2014 Pulitzer Prize Winner
  • Air Force 70, Wyoming 63 – Rapid Reaction

    Sat, January 30, 2010 by admin with no comments

    Air Force coach Jeff Reynolds caught part of the Gonzaga-Santa Clara game on Thursday night when he got home from the academy.

    A young Santa Clara team, playing at home, led by 11 mid-way through the second half. Its lead was down to five, 64-59, with just less than six minutes to play. And Santa Clara would not score again. Gonzaga ended up winning, 71-64.

    Reynolds could relate.

    “I could see the whole coaching staff knowing it was slipping away because their players seemed to not know how to win,” he said. “I don’t think that’s something you do over night. I think that’s something you have to mature with.”

    Maybe the Falcons finally are learning how to win.

    Last season Air Force lost at home to TCU by three. It lost at home to Colorado State by five. It lost at home to Wyoming by three. It let potential upsets slip away at UNLV, losing 46-43, and BYU, losing 54-49.

    This season the Falcons squandered a second-half lead and lost at TCU. And last week they led UNLV at halftime but could not pull out a victory.

    Today, finally, they found a way to win.

    And while ending the ugly 22-game losing streak in Mountain West Conference regular season games was big, it might have been how they won that was so important. Air Force had a lead in the first half and lost it. And then, after scoring on five straight possessions to go up 49-42, Wyoming went on an 8-0 run to re-take the lead.

    So many times since Air Force’s last regular season Mountain West Conference victory on March 8, 2008, the Falcons had been in similar situations. And wilted. This time, thanks in large part to Evan Washington, they handled adversity and came through when it counted. Washington hit a jumper and then a 3. Freshman Michael Lyons drained a 3 with a good bounce. And then Washington hit six straight free throws (the first four being the front- and back-ends of one-and-ones).

    Yes, it was just one game. It’s not time to break open the champagne. But simply getting a victory, knowing they can find ways to win, could mean the world to this team.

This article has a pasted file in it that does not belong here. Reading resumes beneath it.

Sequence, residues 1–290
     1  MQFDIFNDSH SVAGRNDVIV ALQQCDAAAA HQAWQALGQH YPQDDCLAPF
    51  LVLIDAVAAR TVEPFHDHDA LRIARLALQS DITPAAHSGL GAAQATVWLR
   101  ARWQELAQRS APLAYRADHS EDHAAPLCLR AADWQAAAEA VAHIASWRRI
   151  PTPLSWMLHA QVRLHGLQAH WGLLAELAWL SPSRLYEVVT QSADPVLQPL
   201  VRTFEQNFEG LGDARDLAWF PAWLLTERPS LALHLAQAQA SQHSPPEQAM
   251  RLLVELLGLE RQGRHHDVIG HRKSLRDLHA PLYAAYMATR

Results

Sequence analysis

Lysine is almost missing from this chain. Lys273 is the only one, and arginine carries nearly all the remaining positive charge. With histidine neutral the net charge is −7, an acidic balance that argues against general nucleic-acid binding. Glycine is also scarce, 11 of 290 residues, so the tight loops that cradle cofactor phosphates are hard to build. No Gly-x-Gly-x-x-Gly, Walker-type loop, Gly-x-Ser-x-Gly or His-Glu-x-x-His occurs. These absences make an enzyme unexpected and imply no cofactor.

“I think it will build confidence a lot,” Washington said. “This year I think we have a tougher team than we did last year. Last year we kind of let losing become a part of our mentality. We’ve finally figured out that we have to go into each and every game playing to win. That’s what we did today.”

    Other Thoughts:
    -Reynolds gave an assist to the announced crowd of 3,414 at Clune Arena.

    It was the biggest crowd to watch the Falcons at home during conference play this season. And by far the loudest.

    “Clune got loud today,” Reynolds said. “It got loud today. I don’t know what the attendance was, but I thought about the fans and thanking them for coming out today.”

    -It’s all about the 3.

    When Air Force is hitting from the perimeter, it has a chance to win.

    Today, the Falcons tied a season high by hitting 11 from beyond the 3-point arc. Six players hit 3s, with Michael Lyons nailing 3-of-5, and Evan Washington, Mike Fitzgerald and Todd Fletcher all hitting two apiece.

    Air Force went 11-of-25 from 3-point range in the game (44.0 percent) including 7-of-11 (63.6 percent) in the second half.

    -Already without leading scorer Afam Muojeke (knee), Wyoming did not have starting center Adam Waddell (ankle), who had scored 13 points with 22 rebounds in the Cowboys’ previous game.

    But complaining to Air Force about injuries is like complaining to an Alaskan about the cold. Seven key Falcons have missed a combined 45 games this season, and starting center Sammy Schafer (post-concussion symptoms) and guard/forward Taylor Stewart (wrist) both still are out.